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Melbourne has taken over the title as Australia’s biggest city from Sydney. Photo ABC

Australian cities are falling behind the rest of the world

(ABC) -- Australia risks “sleepwalking into a long-term loss of productivity” unless workers return to the office in greater numbers, one of the world’s foremost experts on cities has warned.
Professor Greg Clark, who has advised more than 300 cities in 40 countries, told News Breakfast that Australia and the United States are the laggards when it comes to returning to the office post-lockdowns.
Professor Clark has been tracking 150 cities since COVID began, and has found that in much of South-East Asia, India, the Middle East, Africa and Central and South America more people are working in the office now than were pre-pandemic.
“I think people are captivated that this is the new lifestyle and perhaps are not taking account of the long-term consequences of simply not being with their colleagues and not doing the things they need to do,” Professor Clark said.
“The Australian economy is en route to being a much more innovation-rich economy, but to be an innovation-rich economy, you need to be in a workplace cooperating with your colleagues.”
In Australia, Brisbane has seen a higher rate of return than Sydney and Melbourne.
The latest survey from the Victorian Chamber of Commerce found that hybrid working is still hugely popular. While the number of employees working 3-4 days a week in Melbourne CBD businesses had increased to 46 percent in March 2023, the number of employees working five days a week has fallen from 19 percent in November last year to 8 percent in March this year.
Professor Clark says while so many US workers are still working remotely because of superior technology, more mobility and less loyalty to one particular city or place, Australia’s relatively poor transport infrastructure plays a role in remote working rates here. Lack of affordable and available housing close to commerce centres in the major capitals pushes workers ever further out into the suburbs.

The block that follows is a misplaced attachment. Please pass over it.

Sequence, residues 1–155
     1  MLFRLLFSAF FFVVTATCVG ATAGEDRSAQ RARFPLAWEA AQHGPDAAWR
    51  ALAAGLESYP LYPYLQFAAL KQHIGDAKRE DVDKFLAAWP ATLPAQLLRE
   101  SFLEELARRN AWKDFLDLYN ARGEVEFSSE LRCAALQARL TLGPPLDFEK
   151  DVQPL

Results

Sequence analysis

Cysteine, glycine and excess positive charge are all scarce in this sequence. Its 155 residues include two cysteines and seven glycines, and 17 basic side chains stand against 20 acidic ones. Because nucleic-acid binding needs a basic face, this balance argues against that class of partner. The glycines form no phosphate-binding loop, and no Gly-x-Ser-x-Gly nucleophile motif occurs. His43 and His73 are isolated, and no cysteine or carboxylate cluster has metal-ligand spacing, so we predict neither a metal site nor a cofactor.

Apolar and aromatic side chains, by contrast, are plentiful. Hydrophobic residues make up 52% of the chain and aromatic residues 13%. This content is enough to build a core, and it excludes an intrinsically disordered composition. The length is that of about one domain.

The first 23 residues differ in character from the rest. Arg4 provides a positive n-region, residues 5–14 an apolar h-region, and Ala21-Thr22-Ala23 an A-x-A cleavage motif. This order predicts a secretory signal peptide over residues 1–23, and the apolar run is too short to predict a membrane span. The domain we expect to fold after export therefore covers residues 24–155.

“Because many Australians suffer from lengthy car-based commutes due to limited public transport, the working from home idea is very appealing.
“But the risk is that what seems more efficient — working from home — is actually much less productive and ultimately leads to lower pay, job insecurity and a worse quality of life.”
Professor Clark says the solution involves building better public transport, but also developing more and better housing closer to city centres.
Australia has had falling growth in productivity over the last two decades, largely attributed to declines in business dynamism and slowing rates of innovation.
But not all experts believe that the solution is bringing workers back together in an office environment.
Dr Agustin Chevez of Swinburne University of Technology’s Centre for the New Workforce believes that rather than sleepwalking into low productivity, Australia is at risk of “sleepwalking going back to the office.”
Dr Chevez argues that intermittent isolation is critical for creative thought and innovation, and the office was an invention of a time when no other options for rapidly sharing ideas was possible, a time which has now passed.
“There is this misguided belief that good ideas happen only in groups or collaboration,” Dr Chevez said.

(Latest Update May 10, 2023)

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